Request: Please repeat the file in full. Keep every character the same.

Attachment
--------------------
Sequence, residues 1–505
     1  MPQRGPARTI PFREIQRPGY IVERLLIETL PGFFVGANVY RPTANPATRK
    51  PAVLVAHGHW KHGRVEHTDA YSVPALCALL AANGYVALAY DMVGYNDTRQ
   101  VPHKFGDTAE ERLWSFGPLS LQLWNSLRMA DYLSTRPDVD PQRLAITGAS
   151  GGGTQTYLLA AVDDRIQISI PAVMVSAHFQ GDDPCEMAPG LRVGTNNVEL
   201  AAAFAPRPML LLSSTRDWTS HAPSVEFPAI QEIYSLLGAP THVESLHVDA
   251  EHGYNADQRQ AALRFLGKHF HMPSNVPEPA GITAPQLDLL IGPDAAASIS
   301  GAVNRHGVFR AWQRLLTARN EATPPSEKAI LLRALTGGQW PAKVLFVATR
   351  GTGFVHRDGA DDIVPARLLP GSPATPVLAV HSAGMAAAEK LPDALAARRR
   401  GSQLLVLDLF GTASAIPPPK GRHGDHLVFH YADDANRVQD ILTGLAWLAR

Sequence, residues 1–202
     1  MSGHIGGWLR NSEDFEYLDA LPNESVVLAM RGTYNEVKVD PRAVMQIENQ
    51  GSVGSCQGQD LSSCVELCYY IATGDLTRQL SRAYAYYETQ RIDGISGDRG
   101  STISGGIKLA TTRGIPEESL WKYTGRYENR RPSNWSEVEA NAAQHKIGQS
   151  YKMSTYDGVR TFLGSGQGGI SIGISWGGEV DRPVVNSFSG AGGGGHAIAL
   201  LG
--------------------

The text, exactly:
Sequence, residues 1–505
     1  MPQRGPARTI PFREIQRPGY IVERLLIETL PGFFVGANVY RPTANPATRK
    51  PAVLVAHGHW KHGRVEHTDA YSVPALCALL AANGYVALAY DMVGYNDTRQ
   101  VPHKFGDTAE ERLWSFGPLS LQLWNSLRMA DYLSTRPDVD PQRLAITGAS
   151  GGGTQTYLLA AVDDRIQISI PAVMVSAHFQ GDDPCEMAPG LRVGTNNVEL
   201  AAAFAPRPML LLSSTRDWTS HAPSVEFPAI QEIYSLLGAP THVESLHVDA
   251  EHGYNADQRQ AALRFLGKHF HMPSNVPEPA GITAPQLDLL IGPDAAASIS
   301  GAVNRHGVFR AWQRLLTARN EATPPSEKAI LLRALTGGQW PAKVLFVATR
   351  GTGFVHRDGA DDIVPARLLP GSPATPVLAV HSAGMAAAEK LPDALAARRR
   401  GSQLLVLDLF GTASAIPPPK GRHGDHLVFH YADDANRVQD ILTGLAWLAR

Sequence, residues 1–202
     1  MSGHIGGWLR NSEDFEYLDA LPNESVVLAM RGTYNEVKVD PRAVMQIENQ
    51  GSVGSCQGQD LSSCVELCYY IATGDLTRQL SRAYAYYETQ RIDGISGDRG
   101  STISGGIKLA TTRGIPEESL WKYTGRYENR RPSNWSEVEA NAAQHKIGQS
   151  YKMSTYDGVR TFLGSGQGGI SIGISWGGEV DRPVVNSFSG AGGGGHAIAL
   201  LG